The Siege was raised! by French--not Methuen; Codlin was the friend, not Short! The enthusiasm never slackened, and when late in the afternoon the General with some of his officers visited the Kimberley Club, the climax was reached. Cheer after cheer rent the air and shook the trees.
The hand-shaking crusade shook the spheres. Nine o'clock struck; but much we cared; the warning notes had lost their terrors; they startled not the joyous groups crowding the streets, laughing, whistling, singing, crying, dancing, or hilariously toasting French (in the saloons) on Siege soda-water! Not the least pathetic feature of it all was the length and wryness of our deliverers' faces when they sought to buy refreshments--a tin of something--cup of anything--and the loud laugh that spake the vacant wares of the gay _restaurateur_ as he brokenly explained the Permit Law with all its "tape" and pomps. The exodus from the mines was necessarily slow, and midnight had long pa.s.sed ere the last of the refugees was restored to the glimpses of the moon.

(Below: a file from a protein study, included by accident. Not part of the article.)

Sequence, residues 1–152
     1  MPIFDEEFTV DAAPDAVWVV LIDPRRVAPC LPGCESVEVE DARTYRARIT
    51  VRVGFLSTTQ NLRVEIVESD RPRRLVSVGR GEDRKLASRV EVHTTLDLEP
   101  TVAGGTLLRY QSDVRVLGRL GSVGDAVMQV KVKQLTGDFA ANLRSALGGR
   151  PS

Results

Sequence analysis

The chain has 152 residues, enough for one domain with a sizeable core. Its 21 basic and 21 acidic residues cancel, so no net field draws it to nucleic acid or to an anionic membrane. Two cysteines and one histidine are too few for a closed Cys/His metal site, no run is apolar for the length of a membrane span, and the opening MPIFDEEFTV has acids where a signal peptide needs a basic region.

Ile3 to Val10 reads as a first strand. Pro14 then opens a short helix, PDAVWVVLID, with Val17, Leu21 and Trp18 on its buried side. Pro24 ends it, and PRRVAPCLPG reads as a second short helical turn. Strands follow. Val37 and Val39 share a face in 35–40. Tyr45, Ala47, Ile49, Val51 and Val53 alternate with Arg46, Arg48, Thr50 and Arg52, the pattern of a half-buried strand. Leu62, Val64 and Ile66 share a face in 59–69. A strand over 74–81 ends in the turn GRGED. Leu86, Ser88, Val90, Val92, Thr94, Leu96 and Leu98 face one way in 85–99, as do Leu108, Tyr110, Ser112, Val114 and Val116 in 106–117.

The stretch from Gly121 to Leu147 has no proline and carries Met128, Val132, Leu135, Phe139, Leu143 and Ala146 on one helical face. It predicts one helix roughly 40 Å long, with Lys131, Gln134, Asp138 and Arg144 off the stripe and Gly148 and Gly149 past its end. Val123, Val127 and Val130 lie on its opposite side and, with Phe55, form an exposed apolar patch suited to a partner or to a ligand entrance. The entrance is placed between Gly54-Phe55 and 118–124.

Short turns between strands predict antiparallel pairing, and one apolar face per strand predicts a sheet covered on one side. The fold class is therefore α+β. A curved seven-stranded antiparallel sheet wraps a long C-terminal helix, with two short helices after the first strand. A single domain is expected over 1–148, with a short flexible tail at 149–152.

In the meantime our friends the Boers had taken to flight. Their guns (including Long Tom) had vanished, and Long Cecil kept barking furiously to expedite their departure. The Boer positions were soon occupied by British troops; large quant.i.ties of provisions and forage which had been left behind were duly confiscated; while French's ordnance was subst.i.tuted for the guns that had so long intensified the heat of a Kimberley summer. In town all was bunting and gladness. The red, white, and blue bedecked the houses, the lamp posts, the tram-cars, the barrel-organs, the monkeys, the dogs, and the horseflesh! The relief of Kimberley was an accomplished fact. The issue of the campaign was no longer in doubt.